Managing Nodes

Components of Distributed Builds

Builds in a distributed builds architecture use nodes, agents, and executors, which are distinct from the Jenkins controller itself. Understanding what each of these components are is useful when managing nodes:

Jenkins controller

The Jenkins controller is the Jenkins service itself and where Jenkins is installed. It is also a web server that also acts as a "brain" for deciding how, when, and where to run tasks. Management tasks such as configuration, authorization, and authentication are executed on the controller, which serves HTTP requests. Files written when a Pipeline executes are written to the filesystem on the controller, unless they are off-loaded to an artifact repository such as Nexus or Artifactory.


Nodes are the "machines" on which build agents run. Jenkins monitors each attached node for disk space, free temp space, free swap, clock time/sync, and response time. A node is taken offline if any of these values go outside the configured threshold. Jenkins supports two types of nodes:

  • agents (described below)

  • built-in node

    • The built-in node is a node that exists within the controller process. It is possible to use agents and the build-in node to run tasks. However, running tasks on the built-in node is discouraged for security, performance, and scalability reasons. The number of executors configured for the node determines the node’s ability to run tasks. Set the number of executors to 0 to disable running tasks on the built-in node.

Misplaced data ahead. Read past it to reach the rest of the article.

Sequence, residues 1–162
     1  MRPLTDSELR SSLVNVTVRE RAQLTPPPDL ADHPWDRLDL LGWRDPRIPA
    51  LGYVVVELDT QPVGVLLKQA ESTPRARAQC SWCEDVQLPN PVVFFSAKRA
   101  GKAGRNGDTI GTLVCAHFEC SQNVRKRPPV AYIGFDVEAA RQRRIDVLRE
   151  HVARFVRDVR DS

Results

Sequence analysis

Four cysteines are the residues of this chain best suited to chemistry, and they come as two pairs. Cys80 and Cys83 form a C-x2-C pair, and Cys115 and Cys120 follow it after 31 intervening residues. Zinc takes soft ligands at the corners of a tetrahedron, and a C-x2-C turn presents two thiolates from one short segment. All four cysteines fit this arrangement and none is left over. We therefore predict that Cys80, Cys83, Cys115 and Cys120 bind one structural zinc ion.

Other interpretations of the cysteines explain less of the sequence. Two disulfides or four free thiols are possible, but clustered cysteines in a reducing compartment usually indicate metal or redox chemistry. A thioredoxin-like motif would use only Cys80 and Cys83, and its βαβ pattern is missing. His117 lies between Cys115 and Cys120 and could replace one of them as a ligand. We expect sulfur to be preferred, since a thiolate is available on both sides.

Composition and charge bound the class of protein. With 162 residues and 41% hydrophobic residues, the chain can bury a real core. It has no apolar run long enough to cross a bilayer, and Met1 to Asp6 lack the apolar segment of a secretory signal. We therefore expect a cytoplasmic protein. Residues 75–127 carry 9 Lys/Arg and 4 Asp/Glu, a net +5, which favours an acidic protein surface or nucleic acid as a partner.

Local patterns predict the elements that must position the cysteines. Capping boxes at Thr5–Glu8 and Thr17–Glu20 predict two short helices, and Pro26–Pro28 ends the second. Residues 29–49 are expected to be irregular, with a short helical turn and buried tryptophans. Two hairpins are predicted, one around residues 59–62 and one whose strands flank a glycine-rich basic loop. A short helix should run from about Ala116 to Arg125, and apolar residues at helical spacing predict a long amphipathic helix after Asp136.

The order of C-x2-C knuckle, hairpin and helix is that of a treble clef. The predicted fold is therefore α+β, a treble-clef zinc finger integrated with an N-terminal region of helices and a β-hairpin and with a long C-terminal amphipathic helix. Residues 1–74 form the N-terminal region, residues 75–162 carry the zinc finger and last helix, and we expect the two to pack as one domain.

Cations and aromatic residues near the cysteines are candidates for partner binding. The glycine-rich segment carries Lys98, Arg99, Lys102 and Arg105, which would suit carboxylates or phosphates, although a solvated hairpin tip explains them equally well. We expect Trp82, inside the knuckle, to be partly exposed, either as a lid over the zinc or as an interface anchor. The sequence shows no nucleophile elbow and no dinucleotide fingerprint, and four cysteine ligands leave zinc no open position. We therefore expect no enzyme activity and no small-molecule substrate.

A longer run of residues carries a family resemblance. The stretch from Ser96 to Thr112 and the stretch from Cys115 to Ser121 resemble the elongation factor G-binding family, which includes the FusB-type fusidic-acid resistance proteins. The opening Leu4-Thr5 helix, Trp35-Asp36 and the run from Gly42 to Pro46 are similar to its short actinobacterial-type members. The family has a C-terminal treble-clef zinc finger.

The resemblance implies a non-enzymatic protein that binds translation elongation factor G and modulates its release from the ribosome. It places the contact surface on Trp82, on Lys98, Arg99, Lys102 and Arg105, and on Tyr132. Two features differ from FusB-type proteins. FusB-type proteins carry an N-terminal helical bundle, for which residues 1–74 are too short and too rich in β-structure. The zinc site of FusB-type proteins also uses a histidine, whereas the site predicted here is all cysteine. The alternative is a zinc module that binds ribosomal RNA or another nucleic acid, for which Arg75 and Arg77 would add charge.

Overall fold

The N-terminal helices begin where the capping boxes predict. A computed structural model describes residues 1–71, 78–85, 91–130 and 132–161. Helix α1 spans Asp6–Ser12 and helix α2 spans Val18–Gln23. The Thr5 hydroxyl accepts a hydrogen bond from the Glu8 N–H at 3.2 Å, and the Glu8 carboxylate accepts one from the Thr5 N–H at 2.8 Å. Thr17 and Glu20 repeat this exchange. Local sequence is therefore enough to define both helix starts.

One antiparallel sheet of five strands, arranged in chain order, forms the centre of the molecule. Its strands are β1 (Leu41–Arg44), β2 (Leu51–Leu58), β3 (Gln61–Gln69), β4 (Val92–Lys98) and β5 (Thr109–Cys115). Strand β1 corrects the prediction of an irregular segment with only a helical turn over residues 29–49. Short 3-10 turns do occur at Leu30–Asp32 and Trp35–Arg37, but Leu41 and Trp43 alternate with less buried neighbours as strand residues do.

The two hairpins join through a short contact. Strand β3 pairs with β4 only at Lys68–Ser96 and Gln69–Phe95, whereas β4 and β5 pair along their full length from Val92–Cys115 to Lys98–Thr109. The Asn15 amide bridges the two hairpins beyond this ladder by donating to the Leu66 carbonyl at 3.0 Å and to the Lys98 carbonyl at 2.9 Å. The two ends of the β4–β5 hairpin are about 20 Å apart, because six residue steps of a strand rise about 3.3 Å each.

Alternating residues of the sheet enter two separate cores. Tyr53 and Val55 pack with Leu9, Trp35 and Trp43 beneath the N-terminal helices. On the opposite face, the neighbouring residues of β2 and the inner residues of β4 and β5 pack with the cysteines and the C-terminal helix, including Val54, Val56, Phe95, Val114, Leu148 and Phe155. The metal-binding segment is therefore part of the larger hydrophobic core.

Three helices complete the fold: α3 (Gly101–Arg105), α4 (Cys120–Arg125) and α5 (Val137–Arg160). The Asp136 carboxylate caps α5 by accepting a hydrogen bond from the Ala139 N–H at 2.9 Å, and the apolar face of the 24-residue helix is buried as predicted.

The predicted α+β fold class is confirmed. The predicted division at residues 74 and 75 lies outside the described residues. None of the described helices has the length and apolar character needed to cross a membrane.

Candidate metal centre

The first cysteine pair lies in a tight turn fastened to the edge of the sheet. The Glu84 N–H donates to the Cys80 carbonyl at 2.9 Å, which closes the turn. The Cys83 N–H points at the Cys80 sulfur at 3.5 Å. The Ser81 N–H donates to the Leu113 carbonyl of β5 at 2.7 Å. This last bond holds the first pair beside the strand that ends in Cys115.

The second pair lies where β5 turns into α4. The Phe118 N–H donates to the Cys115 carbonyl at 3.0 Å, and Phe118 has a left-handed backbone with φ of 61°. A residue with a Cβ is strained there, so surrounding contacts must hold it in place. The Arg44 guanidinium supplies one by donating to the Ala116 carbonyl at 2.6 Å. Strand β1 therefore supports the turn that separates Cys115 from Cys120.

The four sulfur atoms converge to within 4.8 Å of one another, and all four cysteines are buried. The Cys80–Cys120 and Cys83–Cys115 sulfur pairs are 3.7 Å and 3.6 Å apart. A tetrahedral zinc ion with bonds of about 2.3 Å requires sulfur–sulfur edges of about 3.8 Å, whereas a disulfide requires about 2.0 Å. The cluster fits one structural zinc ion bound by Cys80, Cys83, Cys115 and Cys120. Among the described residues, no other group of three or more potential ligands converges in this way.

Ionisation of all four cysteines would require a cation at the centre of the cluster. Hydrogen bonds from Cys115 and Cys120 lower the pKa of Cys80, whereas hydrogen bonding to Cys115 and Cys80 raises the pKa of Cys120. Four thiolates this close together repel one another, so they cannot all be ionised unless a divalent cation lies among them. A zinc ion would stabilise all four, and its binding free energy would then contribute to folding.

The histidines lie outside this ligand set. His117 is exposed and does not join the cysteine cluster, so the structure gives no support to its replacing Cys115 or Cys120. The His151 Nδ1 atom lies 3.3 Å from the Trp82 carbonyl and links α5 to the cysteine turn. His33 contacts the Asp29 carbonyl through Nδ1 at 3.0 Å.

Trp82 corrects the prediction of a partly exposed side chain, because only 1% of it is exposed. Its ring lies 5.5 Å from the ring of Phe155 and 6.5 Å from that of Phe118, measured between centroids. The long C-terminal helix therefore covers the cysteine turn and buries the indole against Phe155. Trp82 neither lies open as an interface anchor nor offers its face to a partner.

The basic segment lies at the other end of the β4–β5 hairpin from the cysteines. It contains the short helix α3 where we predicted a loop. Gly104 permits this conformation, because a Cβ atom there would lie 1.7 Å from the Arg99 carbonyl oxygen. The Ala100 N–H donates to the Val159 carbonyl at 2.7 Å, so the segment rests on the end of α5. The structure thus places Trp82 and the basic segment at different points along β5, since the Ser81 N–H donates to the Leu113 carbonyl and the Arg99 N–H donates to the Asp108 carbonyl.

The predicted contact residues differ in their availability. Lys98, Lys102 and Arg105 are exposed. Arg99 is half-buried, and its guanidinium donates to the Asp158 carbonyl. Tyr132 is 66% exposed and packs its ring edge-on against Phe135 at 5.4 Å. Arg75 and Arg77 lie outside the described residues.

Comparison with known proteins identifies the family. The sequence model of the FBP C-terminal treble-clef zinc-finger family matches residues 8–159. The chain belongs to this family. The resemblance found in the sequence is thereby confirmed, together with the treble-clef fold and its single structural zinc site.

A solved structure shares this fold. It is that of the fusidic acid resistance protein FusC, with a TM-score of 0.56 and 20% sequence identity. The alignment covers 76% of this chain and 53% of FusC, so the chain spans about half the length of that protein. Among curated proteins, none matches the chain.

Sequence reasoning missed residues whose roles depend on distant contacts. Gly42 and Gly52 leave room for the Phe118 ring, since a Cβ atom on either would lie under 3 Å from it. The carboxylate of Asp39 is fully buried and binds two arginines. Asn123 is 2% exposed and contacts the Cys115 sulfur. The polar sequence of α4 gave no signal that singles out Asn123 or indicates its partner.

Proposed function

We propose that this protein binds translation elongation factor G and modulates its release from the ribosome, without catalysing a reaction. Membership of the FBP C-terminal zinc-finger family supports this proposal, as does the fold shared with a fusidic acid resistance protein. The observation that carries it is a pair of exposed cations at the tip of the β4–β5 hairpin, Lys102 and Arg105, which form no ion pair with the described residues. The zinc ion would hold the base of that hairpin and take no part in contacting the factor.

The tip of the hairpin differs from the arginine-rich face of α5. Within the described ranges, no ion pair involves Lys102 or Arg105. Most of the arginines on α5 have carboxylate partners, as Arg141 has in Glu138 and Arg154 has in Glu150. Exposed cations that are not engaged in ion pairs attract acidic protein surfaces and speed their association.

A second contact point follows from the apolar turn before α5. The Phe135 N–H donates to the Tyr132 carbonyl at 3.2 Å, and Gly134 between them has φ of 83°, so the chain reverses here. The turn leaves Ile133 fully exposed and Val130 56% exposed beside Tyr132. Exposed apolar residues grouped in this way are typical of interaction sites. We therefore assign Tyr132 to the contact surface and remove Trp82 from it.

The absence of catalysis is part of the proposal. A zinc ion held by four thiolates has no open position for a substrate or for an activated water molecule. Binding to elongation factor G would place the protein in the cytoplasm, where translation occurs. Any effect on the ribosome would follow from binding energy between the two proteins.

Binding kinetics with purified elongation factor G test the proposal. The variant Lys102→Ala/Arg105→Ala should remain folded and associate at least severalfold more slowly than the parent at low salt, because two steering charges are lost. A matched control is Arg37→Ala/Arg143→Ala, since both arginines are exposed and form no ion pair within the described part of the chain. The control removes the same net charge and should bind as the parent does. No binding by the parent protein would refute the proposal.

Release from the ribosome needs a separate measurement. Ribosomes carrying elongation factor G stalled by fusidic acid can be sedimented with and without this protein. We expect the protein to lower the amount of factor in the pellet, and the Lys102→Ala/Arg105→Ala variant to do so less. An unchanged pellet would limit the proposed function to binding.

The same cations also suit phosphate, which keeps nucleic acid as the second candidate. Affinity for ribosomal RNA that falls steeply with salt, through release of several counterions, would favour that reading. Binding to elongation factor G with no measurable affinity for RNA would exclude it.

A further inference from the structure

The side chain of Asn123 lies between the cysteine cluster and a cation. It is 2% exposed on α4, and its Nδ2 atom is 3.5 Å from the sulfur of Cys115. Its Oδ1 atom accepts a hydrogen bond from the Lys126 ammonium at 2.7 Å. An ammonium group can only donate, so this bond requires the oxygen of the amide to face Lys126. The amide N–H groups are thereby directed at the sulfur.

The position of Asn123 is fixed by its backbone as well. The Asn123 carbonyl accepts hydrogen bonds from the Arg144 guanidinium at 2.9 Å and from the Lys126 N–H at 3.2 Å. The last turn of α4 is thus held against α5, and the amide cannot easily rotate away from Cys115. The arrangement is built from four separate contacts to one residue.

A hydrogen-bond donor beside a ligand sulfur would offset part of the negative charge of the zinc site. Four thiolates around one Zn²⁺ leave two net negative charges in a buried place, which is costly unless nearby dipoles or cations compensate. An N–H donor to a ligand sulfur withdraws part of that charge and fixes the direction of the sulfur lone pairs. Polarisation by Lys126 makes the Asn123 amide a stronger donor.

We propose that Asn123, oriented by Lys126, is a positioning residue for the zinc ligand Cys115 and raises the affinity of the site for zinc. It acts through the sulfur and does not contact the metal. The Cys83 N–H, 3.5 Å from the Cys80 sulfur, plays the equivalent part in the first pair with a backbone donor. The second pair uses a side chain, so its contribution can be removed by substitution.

Agents manage the task execution on behalf of the Jenkins controller by using executors. An agent is a small (170KB single jar) Java client process that connects to a Jenkins controller and is assumed to be unreliable. An agent can use any operating system that supports Java. Any tools required for building and testing get installed on the node where the agent runs. Because these tools are a part of the node, they can be installed directly or in a container, such as Docker or Kubernetes. Each agent is effectively a process with its own Process Identifier (PID) on the host machine. In practice, nodes and agents are essentially the same but it is good to remember that they are conceptually distinct.


An executor is a slot for the execution of tasks. Effectively, it is a thread in the agent. The number of executors on a node defines the number of concurrent tasks that can run. In other words, this determines the number of concurrent Pipeline stages that can execute at the same time. Determine the correct number of executors per build node must be determined based on the resources available on the node and the resources required for the workload. When determining how many executors to run on a node, consider CPU and memory requirements, as well as the amount of I/O and network activity:

  • One executor per node is the safest configuration.

  • One executor per CPU core can work well, if the tasks running are small.

  • Monitor I/O performance, CPU load, memory usage, and I/O throughput carefully when running multiple executors on a node.

Creating Agents

Jenkins agents are the "workers" that perform operations requested by the Jenkins controller. The Jenkins controller administers the agents and can manage the tooling on the agents. Jenkins agents may be statically allocated or they can be dynamically allocated through systems like Kubernetes, OpenShift, Amazon EC2, Azure, Google Cloud, IBM Cloud, Oracle Cloud, and other cloud providers.

This 30 minute tutorial from Darin Pope creates a Jenkins agent and connects it to a controller.

How to create an agent node in Jenkins

Launch inbound agent via Windows Scheduler